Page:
I Had a Panic Attack Today.
Mental Health, Breaking the Stigma.
Panic and anxiety disorders are some of the most common diseases that women in this country suffer with, I myself am a statistic. The public and media have made people feel ashamed of this, this “made up” disease. You hear it all of the time, “Just relax..there is not thing to worry about..just don’t think about that.” I am here to tell you first hand it simply is not that easy.
This marks 6 years that I have struggled with panic/anxiety attacks. At first I didn’t full comprehend what was happening. I wasn’t stressed? I wasn’t a constant worrier? These were all misconceptions I had believed.
Through the help of Effexor, my counselor, family and friends, I have got to a place where I thought I was in control..boy was I wrong! Just when you think you know what your body will do, it will throw a curve ball. I have learned to know my “triggers.” If I over-think too much on a project or if I worry too much on something, I know I will have break through anxiety, I plan on it. For those who have never had an attack, night-time hours are more common or at least they are in my case. I take my medicine at night and I work through them. Today was just like any other day. I knew I was on edge but I knew I also just had two huge weeks of constant information.
I told myself I was control, everything was going as planned and honestly I wasn’t stressed. Yes, yesterday my nerves were raw but I was not expecting what happened today. I got up and had my normal breakfast, did the daily fan favorites and weekly favorites. I had studio stuff to re-organize and needed to move some furniture around in there to make way for more workspace. I could tell something was off but I told myself I was just tired, as I didn’t sleep very well the night before.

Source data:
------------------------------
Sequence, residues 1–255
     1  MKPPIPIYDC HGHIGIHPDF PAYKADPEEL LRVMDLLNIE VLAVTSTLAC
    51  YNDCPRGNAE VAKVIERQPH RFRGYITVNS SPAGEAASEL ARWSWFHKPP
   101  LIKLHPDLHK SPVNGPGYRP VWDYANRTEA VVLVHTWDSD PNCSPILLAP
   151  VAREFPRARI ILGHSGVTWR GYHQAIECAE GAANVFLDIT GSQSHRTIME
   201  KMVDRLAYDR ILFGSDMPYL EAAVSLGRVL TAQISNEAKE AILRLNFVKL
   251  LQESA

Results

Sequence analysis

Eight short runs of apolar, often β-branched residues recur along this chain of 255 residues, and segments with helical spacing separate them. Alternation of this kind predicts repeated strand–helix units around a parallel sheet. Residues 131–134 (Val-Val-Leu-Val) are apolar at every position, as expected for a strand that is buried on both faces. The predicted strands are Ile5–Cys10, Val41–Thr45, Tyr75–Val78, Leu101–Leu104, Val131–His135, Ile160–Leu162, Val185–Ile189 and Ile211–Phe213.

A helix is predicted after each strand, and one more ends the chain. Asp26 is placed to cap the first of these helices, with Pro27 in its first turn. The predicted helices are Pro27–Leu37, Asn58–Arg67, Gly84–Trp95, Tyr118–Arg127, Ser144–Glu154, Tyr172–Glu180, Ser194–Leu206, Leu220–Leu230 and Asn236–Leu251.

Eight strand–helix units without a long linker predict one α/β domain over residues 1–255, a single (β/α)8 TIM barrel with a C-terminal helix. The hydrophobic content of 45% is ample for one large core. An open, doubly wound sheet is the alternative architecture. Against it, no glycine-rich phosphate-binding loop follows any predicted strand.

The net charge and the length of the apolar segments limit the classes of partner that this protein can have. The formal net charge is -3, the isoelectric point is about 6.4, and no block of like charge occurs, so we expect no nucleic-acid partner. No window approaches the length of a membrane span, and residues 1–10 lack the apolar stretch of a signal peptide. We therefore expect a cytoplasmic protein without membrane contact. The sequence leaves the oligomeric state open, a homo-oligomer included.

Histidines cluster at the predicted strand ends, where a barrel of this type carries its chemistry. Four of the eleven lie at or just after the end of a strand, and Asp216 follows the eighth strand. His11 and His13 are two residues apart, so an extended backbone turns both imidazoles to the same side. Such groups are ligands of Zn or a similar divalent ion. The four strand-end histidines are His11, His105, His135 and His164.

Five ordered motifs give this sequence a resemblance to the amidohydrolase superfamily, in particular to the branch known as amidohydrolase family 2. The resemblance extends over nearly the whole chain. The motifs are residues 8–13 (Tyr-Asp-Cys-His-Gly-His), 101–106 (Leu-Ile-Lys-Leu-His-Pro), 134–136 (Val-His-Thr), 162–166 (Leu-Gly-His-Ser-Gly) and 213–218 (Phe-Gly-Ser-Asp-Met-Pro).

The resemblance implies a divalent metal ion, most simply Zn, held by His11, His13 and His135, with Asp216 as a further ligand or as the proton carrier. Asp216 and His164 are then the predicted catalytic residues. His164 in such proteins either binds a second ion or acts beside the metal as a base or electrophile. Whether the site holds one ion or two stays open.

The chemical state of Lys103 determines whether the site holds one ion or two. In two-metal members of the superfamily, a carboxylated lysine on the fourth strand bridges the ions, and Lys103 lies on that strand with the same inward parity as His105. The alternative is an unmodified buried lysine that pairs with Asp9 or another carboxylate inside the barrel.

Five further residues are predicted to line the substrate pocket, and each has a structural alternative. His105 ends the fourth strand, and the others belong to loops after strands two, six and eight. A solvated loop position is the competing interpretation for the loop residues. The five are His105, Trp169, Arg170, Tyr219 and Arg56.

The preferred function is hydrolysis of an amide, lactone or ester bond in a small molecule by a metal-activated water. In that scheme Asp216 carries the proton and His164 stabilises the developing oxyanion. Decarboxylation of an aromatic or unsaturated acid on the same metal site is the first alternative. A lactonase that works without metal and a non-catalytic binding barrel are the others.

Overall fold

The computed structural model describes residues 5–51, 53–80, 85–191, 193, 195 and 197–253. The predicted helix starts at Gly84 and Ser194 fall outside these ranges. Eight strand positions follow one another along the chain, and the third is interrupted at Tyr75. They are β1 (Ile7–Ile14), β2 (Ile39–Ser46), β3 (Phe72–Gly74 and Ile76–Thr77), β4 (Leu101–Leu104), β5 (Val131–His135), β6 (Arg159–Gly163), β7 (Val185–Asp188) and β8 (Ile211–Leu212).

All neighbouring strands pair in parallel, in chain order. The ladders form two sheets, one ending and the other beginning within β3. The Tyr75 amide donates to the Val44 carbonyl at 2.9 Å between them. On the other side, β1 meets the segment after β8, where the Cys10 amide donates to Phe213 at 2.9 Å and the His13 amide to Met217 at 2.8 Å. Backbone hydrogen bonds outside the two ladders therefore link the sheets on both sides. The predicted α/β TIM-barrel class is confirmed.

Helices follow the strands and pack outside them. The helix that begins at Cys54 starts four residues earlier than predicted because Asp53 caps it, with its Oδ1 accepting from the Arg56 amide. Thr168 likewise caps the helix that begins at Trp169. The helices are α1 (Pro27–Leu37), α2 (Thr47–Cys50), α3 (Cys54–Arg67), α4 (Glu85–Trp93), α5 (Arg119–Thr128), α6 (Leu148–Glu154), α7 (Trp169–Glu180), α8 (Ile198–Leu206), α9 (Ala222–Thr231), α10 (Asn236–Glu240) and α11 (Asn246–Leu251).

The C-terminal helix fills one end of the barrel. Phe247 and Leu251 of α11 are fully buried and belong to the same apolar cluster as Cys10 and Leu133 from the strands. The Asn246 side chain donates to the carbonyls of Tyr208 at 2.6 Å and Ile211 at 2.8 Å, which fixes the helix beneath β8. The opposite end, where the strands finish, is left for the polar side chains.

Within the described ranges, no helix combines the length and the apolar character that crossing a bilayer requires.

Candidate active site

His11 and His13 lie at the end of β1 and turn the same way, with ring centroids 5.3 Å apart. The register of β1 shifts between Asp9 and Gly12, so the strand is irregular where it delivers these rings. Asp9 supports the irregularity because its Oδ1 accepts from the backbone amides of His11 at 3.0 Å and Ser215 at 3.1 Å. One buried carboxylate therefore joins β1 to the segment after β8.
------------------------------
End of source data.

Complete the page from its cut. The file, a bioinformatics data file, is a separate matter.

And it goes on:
I did a few more chores and then made myself come home to shower and lay down. I tried re-focusing myself but it didn’t work. I tried some cute little bottles of goodness (hint, hint) but again it wasn’t enough. I decided to run to Krogers since I don’t have a BP cuff at my home. Their machine ran 150/100 BP, with a heart rate of 135. Crap. I knew that was high and especially high for me. I came home long enough to grab my wallet and tell my husband I was heading over.
I was out of my skin. Afraid that my BP would effect my heart or brain. I was in the ER for four hours. The staff was amazing as I laid there bawling and my heart racing. I have had a c-section, a miscarriage and two VBACs and I would rather give birth to another child vs have an attack.
One thing that was said to me in the ER and I know the technologist was trying to comfort me but it rubbed me horribly wrong was she said, “Just calm down, you are going to be fine.” I know in my deepest of hearts she meant it, I could tell by her voice. But it just simply isn’t that easy. I did not ask for any of this, nor did I know it was coming. I had plans today and a wedding to be in tomorrow, this was the last thing I could have done with my Friday.
I wanted to share my experience in order to give hope to others or to help shed some light on what someone you know might be dealing with. If you have never had an attack but a friend or family member has, just be there for them. Don’t say anything but be there.
Just because someone has panic or anxiety attacks does not mean they are less of a woman or man. I am just as driven, if not more driven, than the next person. I am a hard worker and I like to think my hard working might have me dealing with some of these issues. As at least there would be an explanation, because in a lot of people there are none.
It is time for the stigmas surrounding mental health to stop and embrace the people who are struggling. When people say they have been diagnosed with cancer, diabetes, or heart disease, we immediately feel remorse for them. Mental health is a disease, a sickness. For the people struggling, deal with more pain and anguish than you could even imagine. If you know someone who is also struggling, be a light of peace and guidance for them. Let them know they are loved and you are there for them, because it might be what they really needed to hear on a day like this.